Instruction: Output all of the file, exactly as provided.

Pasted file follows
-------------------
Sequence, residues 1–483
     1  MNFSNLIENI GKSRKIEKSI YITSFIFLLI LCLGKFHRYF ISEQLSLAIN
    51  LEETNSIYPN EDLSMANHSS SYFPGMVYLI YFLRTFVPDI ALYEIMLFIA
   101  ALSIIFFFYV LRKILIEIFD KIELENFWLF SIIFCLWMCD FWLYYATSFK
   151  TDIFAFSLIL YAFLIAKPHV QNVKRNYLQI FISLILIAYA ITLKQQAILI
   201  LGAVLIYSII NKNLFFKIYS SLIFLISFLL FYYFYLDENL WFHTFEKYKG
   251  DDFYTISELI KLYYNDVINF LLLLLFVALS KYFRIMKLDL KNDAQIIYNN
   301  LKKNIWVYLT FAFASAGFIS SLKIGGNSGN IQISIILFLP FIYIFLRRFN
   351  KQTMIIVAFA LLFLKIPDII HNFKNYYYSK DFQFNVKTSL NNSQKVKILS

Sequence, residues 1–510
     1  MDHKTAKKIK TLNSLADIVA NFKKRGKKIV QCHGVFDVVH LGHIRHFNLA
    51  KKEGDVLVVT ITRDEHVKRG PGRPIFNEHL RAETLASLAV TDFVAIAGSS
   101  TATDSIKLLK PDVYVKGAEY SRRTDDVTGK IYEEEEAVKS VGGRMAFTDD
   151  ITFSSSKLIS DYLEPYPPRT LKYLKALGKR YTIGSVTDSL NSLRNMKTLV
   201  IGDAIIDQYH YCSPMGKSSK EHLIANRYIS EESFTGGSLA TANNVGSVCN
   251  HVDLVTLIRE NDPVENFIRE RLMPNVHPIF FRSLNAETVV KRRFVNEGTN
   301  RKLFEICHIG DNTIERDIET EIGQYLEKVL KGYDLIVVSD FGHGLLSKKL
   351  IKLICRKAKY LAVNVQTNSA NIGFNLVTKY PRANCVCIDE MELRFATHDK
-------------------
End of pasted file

Sequence, residues 1–483
     1  MNFSNLIENI GKSRKIEKSI YITSFIFLLI LCLGKFHRYF ISEQLSLAIN
    51  LEETNSIYPN EDLSMANHSS SYFPGMVYLI YFLRTFVPDI ALYEIMLFIA
   101  ALSIIFFFYV LRKILIEIFD KIELENFWLF SIIFCLWMCD FWLYYATSFK
   151  TDIFAFSLIL YAFLIAKPHV QNVKRNYLQI FISLILIAYA ITLKQQAILI
   201  LGAVLIYSII NKNLFFKIYS SLIFLISFLL FYYFYLDENL WFHTFEKYKG
   251  DDFYTISELI KLYYNDVINF LLLLLFVALS KYFRIMKLDL KNDAQIIYNN
   301  LKKNIWVYLT FAFASAGFIS SLKIGGNSGN IQISIILFLP FIYIFLRRFN
   351  KQTMIIVAFA LLFLKIPDII HNFKNYYYSK DFQFNVKTSL NNSQKVKILS

Sequence, residues 1–510
     1  MDHKTAKKIK TLNSLADIVA NFKKRGKKIV QCHGVFDVVH LGHIRHFNLA
    51  KKEGDVLVVT ITRDEHVKRG PGRPIFNEHL RAETLASLAV TDFVAIAGSS
   101  TATDSIKLLK PDVYVKGAEY SRRTDDVTGK IYEEEEAVKS VGGRMAFTDD
   151  ITFSSSKLIS DYLEPYPPRT LKYLKALGKR YTIGSVTDSL NSLRNMKTLV
   201  IGDAIIDQYH YCSPMGKSSK EHLIANRYIS EESFTGGSLA TANNVGSVCN
   251  HVDLVTLIRE NDPVENFIRE RLMPNVHPIF FRSLNAETVV KRRFVNEGTN
   301  RKLFEICHIG DNTIERDIET EIGQYLEKVL KGYDLIVVSD FGHGLLSKKL
   351  IKLICRKAKY LAVNVQTNSA NIGFNLVTKY PRANCVCIDE MELRFATHDK